Polar bears in Copenhagen Zoo
Polar bears in Copenhagen Zoo

On Sunday, we went to Denmark’s national aquarium, following our failure on Friday. While the range of fish was impressive, I think maybe we should have taken the fact the first tank contained two types of goldfish to be a sign of things to come. It’s actually a very small aquarium, in terms of space. Had they spread the tanks out a little, it might’ve felt better value for money (not that we paid, as it was included in our Copenhagen cards.) There was an octopus and a Japanese spider crab, and the electric eel tank showed the level of electricity being expelled, which was quite cool. We decided to head onto Copenhagen Design Centre after that, which unfortunately appeared to be in the throes of an exhibition change, so only one display was fully complete. Some of the exhibitions being set up looked very interesting; it’s just a shame we caught it at a bad time. The National Museum was next on the agenda, and there was a very interesting exhibition about Denmark’s role as part of Europe. Some parts of the museum felt pretty labyrinthine, so it’s not somewhere to go for a quick time-filler. We were supposed to be spending the evening watching Brøndby IF, but after falling victim to a crashed ticket website, we decided instead to take a trip back to Sweden… for dinner. This time, the train took us to Helsingør, where we took a ferry to Helsingborg. The weather was horrendous, and we ended up stopping off for a fairly average pizza, before going to a pub for some extortionate drinks. It is worth noting that nothing can be done cheaply in Scandinavia. Even relatively inexpensive eateries and bars would still be considered a little steep in England.

Monday saw us heading to Bakken, the world’s oldest functioning theme park. It was snowing as we approached through the supposedly deer-filled park (we didn’t see any, though perhaps we were just unlucky), and the flurries continued throughout the afternoon. It was certainly an eventful trip; one of the rollercoasters ground to a halt on a corner, after a suspiciously slow set of hills. It transpired that ‘the wheels were too cold’, which is why the train had failed to make it around the corner. After around ten minutes spent laying pretty much horizontally (typically, our section of the train had stopped on the most extreme curve possible), the boss came to let us out one by one, and I found myself being hauled out of the ride by a disgruntled man. Not the most dignified moment of my life, I must say. We then bought some snacks (and a nerve-steadying rum and coke – for purely calming purposes, of course) at the 25kr stand, and then went on the final ride of the day, Tornado. Be very careful if you ever find yourself about to go on this: it launches at an incredibly high speed, and I’m pretty sure I gained myself some whiplash. After this, we returned to Copenhagen, and went to look at some of the churches in the area, which were big, bright and typically Scandinavian. We managed to catch one in the middle of some kind of musical rehearsal, which was a nice surprise. By now, we were just hours away from flying home, so it was back to the hostel to pick up our baggage, off for a quick meal and then onto the airport.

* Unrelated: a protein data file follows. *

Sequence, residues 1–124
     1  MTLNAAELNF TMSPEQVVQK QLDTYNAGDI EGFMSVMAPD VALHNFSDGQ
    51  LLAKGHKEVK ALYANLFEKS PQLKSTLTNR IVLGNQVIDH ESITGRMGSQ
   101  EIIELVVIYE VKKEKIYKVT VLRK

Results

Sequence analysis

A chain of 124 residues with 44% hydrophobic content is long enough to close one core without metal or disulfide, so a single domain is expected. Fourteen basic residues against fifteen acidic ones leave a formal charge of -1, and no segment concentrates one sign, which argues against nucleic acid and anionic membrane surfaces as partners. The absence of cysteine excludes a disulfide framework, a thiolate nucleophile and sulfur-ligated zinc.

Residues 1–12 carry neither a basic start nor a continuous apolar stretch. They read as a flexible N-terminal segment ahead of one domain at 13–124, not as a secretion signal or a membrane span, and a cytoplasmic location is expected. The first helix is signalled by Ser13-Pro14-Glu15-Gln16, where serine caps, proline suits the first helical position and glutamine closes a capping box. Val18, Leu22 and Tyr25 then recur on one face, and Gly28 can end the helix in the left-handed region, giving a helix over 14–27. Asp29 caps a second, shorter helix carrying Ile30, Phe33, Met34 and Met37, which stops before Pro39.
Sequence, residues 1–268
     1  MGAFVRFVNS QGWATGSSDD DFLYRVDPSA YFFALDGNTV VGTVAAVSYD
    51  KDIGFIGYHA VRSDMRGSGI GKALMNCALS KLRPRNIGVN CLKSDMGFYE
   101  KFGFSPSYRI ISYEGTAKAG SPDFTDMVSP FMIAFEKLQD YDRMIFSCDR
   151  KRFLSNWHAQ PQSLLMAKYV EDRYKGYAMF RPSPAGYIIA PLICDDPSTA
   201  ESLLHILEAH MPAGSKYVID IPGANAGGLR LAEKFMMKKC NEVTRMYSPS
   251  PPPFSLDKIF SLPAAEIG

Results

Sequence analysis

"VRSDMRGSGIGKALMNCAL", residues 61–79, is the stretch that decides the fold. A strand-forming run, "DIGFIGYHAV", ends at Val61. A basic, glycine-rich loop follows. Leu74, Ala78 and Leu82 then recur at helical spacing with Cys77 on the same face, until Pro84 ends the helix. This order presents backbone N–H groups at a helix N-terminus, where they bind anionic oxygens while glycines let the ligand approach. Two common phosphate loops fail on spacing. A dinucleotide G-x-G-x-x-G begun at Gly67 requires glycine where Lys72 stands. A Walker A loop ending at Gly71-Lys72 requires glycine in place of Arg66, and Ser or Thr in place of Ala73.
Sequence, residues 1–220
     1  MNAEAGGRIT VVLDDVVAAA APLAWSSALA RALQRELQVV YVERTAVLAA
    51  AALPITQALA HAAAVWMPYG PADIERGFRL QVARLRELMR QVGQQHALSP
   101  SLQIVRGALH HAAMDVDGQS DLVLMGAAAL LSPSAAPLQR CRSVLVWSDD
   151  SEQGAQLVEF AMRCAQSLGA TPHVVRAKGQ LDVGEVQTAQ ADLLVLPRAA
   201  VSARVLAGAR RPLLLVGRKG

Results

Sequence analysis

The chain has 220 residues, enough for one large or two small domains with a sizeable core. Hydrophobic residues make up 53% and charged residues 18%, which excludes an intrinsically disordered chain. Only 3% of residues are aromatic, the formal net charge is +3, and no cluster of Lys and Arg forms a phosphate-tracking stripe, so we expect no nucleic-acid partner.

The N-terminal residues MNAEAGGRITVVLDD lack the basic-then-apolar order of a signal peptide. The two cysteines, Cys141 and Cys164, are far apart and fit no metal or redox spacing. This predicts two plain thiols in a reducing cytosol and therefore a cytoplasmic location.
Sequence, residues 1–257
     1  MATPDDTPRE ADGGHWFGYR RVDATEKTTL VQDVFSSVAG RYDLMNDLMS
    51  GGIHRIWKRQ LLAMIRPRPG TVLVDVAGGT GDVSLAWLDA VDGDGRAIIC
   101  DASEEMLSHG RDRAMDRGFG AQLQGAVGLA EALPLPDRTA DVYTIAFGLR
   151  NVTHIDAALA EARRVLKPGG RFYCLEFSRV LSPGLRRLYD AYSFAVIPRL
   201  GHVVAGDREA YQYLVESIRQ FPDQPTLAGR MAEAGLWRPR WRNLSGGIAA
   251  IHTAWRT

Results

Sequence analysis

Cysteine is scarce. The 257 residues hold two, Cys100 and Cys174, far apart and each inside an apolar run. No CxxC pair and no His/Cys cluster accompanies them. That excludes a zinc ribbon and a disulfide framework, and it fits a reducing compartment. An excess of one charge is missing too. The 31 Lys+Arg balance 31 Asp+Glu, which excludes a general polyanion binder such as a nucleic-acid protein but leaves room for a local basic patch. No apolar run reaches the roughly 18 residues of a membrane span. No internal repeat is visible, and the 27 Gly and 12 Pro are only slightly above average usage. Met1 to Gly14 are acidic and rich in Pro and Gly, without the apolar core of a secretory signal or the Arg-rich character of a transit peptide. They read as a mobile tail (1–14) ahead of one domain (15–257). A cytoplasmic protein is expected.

Copenhagen is a vibrant, exciting city, with lots to do for all tastes. There’s no way we could’ve seen everything in the time we were there, but I feel we covered good ground in our time there. Things to bear in mind include the prices (often chokingly steep), the fact that cyclists take precedence over everyone, and the fact that you may well get blown off your feet by the insane winds. I can guarantee you won’t be bored, and if Copenhagen gets too much for you, it’s incredibly well-connected, and a short train journey can take you to myriad other towns in the vicinity. Don’t go if you’re on a diet; it’s surprisingly difficult to find healthy food, but definitely try the pastries and the hot dogs from the stands found pretty much everywhere. Also, consider bringing sunglasses, if only to avoid getting the copious amounts of grit adorning Copenhagen’s streets in your eyes. We didn’t really figure out why there was so much, but just take my word for it that there is a lot of it. Overall, Copenhagen is well worth a visit, whatever you want from a holiday destination.

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4 Comments Add yours

  1. Neale Norman says:

    Inspired to go to Copenhagen now and see the sights! You’re a fantastic writer Kayleigh, just fantastic.

    1. Thank you so much, I’m so flattered! I can highly, highly recommend Copenhagen, so much so I was considering returning myself in the next couple of months!